Tropical Green Thornytail Iguana (Uracentron azureum)

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Green Thornytail Iguana (Uracentron azureum)Green Thornytail Iguana (Uracentron azureum)

This is yet another of one my amazing finds in the Amazon Rainforest.  I was visiting a native Amazonian village and I saw an Amazonian boy shooting at something up in a tree with his little bow and arrow.  When I saw what it was, I asked him to stop shooting at it and let me take a picture of it.  I had never seen one of these before and I was fascinated by it.  Being from Texas, I was familiar with the Texas Horned Lizard, but I had never seen anything like this colorful Green Thornytail Iguana.

The Green Thornytail Iguana is found in the northern Amazon Rainforest countries of Guyana, Surinam, French Guiana, N Brazil and Colombia.  It is an arboreal lizard that lives mostly up in the trees.  Like most all other lizards, it is insectivorous, with ants being it’s primary diet.

After I took this photo I asked the boy to not shoot it and let it go.  He reluctantly agreed.  Normally, I would have not intervened out of respect for his culture, but I just did not want to see this little guy shot.  It is hard for outsiders to understand the Native Amazonian culture because it is so different from our own.  One might question why the parents would not teach their boys not to go around shooting everything they see.  There is a reason this though.  Little Amazonian boys must grow up to be great hunters in order to be able to provide for their families.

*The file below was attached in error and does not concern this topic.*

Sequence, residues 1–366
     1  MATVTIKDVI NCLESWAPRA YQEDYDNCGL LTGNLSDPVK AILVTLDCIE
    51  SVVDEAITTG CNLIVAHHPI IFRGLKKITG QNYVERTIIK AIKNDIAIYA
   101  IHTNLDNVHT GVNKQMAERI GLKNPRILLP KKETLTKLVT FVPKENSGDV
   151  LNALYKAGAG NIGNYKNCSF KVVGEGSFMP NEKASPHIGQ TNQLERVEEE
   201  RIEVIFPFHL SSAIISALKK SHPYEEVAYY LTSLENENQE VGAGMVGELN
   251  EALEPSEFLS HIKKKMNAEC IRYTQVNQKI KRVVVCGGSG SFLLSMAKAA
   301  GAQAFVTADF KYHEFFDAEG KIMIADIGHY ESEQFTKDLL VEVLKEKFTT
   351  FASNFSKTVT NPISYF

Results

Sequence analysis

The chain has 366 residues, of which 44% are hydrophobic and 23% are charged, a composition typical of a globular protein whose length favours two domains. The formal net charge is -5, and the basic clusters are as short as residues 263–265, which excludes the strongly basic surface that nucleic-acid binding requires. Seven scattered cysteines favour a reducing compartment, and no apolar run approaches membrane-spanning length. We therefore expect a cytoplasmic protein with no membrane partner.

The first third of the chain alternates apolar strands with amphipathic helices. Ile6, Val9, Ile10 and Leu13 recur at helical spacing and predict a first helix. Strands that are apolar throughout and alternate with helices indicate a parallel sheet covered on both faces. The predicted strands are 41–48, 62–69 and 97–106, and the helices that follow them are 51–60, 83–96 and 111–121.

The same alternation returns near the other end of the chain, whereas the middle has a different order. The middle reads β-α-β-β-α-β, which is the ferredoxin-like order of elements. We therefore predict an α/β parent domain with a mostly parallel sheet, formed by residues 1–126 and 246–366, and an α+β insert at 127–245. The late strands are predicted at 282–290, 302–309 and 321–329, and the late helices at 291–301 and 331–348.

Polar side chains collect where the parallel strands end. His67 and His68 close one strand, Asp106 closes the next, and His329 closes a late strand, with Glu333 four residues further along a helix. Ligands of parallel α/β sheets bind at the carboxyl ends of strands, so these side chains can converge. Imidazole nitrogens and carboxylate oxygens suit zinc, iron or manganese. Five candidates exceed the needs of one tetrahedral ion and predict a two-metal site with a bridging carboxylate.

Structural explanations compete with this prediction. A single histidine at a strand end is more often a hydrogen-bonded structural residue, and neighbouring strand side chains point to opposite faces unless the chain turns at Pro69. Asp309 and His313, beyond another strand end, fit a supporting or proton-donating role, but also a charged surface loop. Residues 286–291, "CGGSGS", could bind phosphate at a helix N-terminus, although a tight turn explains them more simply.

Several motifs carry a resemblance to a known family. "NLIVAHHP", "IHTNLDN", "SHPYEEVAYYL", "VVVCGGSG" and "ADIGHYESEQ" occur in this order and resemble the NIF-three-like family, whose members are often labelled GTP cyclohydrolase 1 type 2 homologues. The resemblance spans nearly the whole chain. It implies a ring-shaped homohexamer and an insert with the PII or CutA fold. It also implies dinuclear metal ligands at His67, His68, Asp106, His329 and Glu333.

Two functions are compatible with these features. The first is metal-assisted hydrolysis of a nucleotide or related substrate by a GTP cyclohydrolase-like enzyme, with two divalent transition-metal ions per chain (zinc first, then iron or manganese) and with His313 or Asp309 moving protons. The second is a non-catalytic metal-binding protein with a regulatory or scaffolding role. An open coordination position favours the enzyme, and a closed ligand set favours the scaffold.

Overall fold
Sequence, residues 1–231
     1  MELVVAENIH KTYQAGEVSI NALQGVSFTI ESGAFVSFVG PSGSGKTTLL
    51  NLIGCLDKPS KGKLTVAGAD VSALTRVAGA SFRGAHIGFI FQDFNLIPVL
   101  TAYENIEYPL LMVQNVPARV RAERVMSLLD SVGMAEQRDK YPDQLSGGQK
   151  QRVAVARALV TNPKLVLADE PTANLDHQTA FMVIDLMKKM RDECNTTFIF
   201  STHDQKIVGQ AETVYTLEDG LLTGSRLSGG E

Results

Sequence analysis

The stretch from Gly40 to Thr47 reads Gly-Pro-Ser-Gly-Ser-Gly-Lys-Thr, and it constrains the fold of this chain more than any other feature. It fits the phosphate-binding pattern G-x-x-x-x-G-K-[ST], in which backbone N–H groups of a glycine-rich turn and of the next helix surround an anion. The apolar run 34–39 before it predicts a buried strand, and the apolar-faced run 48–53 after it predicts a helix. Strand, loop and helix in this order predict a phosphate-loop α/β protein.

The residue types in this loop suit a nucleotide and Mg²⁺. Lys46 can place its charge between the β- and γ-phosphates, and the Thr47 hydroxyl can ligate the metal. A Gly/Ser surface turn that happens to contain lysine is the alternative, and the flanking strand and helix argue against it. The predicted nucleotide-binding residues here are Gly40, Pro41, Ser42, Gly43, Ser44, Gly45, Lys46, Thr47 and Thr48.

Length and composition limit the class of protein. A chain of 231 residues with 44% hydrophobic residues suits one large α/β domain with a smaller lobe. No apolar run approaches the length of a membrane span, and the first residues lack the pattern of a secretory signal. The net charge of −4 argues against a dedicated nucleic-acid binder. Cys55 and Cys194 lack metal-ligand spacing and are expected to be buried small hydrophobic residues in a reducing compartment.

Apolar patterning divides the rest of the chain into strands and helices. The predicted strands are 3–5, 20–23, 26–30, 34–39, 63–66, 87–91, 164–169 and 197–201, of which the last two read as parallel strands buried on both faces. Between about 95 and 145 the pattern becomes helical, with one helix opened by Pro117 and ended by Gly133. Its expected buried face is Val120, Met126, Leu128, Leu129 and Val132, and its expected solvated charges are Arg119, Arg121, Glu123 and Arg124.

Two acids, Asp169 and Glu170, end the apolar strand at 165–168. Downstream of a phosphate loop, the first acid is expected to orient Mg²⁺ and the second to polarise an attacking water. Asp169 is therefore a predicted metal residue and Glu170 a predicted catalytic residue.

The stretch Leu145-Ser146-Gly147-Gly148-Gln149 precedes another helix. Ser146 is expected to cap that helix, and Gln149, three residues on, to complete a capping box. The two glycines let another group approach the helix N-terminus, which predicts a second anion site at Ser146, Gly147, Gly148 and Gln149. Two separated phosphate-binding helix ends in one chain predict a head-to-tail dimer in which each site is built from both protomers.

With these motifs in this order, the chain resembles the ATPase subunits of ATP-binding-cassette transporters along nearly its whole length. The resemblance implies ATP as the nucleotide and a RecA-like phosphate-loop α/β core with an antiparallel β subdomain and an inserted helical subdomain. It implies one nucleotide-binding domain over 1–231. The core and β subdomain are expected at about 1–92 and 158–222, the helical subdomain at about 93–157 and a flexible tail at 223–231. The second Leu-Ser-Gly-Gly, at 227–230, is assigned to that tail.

Understanding Amazonian Culture

Just like first world little boys start playing sports at a very young age to hone their skill and train their bodies to be better at sports, the same is true for Amazonian boys when it comes to the use of bows and arrows.   They need to grow up practicing this skill from an early age.  Little Amazonian boys need little bows, just little little T-ball boys need little bats.  They cannot hunt large animals with their little equipment, so they hunt small things, like lizards, bugs and birds.  While this may seem like senseless killing to outsiders, it is actually essential to the development of these boys into skilled hunters.   Shooting at these tiny targets trains these boys to be expert marksman with their style of equipment.

Unlike first world archery equipment that has advanced sighting systems to aid even novices to be able to be accurate, the Amazonian archery equipment relies completely on skill on instinct that must be trained into the archer’s mind and muscle memory from childhood.  This is the reason that it is so important for these young boys to be able to use their equipment to hunt at will.  As they grow in and mature, so does the size of their equipment and the animals they hunt.  This is why you find very little wildlife near and Amazonian village.  While it may difficult for some to understand and accept, it is their culture and essential for their survival and outsiders need to respect that.


Pictures captured with Sony Digital Camera

For more information about the Green Thornytail Iguana and other amazing reptiles, check out these resources below.

Reptiles and Amphibians of the Amazon: An Ecotourist’s Guide

Amphibians and Reptiles of Costa Rica

The National Audubon Society Field Guide to North American Reptiles and Amphibians